Jury has doubts as to guilt of preacher's wife

Though a preacher's wife is convicted of killing her husband, she could spend little time in prison if the jury decides she did not shoot him on purpose.

Mary Winkler could be found guilty of any of five homicide charges. The least serious, criminally negligent homicide, would result in a one- to two-year sentence, and she might be allowed to serve the entire term on probation.

The sequestered jurors began deliberating Thursday morning after six days of testimony.

Mary Winkler told jurors that her husband, Matthew, abused her physically and sexually, but she said the shotgun went off accidentally as she pointed it at him.

The prosecution said it was ludicrous to suggest the shooting was an accident and argued she should be convicted of first-degree murder with an automatic 60-year prison sentence.

Her attorney said Mary Winkler was waiting for the verdict at a friend's house.

"I can't imagine what (defendants) go through," defense attorney Steve Farese said. "I can barely stand here myself."

Matthew Winkler, a 31-year-old preacher at the Fourth Street Church of Christ, was found in the church parsonage fatally shot in his back in March 2006. One day later, his wife was arrested on the Alabama coast, driving the family minivan with their three young daughters.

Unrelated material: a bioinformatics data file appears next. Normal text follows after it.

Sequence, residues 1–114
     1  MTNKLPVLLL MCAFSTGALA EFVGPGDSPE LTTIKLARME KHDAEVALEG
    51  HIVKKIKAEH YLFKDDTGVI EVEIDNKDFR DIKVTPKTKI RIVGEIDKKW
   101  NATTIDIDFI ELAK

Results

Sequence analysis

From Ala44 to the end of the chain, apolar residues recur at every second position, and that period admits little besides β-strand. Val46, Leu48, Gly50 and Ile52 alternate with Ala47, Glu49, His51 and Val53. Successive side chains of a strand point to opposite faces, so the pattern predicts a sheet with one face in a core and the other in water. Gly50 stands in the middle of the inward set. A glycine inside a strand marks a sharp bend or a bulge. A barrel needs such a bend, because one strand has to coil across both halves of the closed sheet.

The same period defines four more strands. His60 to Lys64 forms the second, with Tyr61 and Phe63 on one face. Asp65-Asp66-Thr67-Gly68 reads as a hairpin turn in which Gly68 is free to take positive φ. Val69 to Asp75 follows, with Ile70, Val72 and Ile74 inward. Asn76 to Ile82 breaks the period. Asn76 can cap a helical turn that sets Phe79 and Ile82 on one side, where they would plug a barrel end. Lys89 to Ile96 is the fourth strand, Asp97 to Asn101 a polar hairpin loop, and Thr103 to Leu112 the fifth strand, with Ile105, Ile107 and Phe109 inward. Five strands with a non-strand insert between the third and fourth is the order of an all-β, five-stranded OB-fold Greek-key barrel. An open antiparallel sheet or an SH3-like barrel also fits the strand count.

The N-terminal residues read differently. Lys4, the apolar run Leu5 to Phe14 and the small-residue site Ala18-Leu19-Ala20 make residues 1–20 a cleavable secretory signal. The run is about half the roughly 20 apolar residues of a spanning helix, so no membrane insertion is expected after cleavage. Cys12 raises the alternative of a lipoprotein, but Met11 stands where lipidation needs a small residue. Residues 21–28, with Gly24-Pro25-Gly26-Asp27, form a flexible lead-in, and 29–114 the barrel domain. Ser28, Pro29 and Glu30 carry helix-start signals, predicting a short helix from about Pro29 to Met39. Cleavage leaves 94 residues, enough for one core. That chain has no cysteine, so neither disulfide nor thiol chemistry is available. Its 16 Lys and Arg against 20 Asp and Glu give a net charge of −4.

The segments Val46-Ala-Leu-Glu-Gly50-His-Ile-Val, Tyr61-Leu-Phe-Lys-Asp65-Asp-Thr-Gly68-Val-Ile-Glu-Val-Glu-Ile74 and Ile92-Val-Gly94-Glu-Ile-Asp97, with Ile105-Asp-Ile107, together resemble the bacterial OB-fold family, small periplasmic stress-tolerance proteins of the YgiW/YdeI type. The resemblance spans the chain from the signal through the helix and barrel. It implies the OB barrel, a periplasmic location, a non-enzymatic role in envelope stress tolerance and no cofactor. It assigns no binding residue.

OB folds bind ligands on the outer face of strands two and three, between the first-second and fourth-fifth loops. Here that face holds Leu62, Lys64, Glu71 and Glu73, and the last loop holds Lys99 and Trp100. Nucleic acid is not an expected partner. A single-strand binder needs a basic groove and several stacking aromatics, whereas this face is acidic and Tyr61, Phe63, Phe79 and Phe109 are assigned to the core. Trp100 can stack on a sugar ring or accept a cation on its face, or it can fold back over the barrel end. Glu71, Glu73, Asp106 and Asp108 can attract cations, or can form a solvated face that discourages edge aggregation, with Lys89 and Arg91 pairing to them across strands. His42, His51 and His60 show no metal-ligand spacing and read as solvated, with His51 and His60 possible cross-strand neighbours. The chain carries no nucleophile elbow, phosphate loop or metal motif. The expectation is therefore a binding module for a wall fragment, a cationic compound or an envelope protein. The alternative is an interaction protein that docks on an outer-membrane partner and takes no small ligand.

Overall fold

If she gets the maximum sentence, she would have to serve at least 51 years in prison.

Farese argued the prosecution never proved Mary Winkler intended to kill her husband, but he left open the possibility that she could have been guilty of a lesser crime.

Winkler said her husband had punched her in the face, kicked her at times, refused to grant her a divorce and forced her to perform sex acts she thought were unnatural. Shortly before the shooting, she said, he held his hand over their 1-year-old daughter's mouth and nose to stop her crying.

Prosecution witness described Matthew Winkler as a good husband and father, and the couple's 9-year-old daughter testified she never saw her father mistreat her mother. Mary Winkler also said under cross-examination that her husband did nothing for which he deserved to die.

The jury includes two men and 10 women, including one who said she had been a victim of domestic abuse. The judge didn't reveal the jury makeup until Thursday to ensure the four alternates paid close attention to testimony.

For second-degree murder, which does not require premeditation, Mary Winkler would be sentenced to 15 to 25 years in prison. A verdict of voluntary manslaughter, which suggests the crime was committed in an irrational state, or reckless homicide likely would result in a sentence of only a few years in prison.

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Author`s name Angela Antonova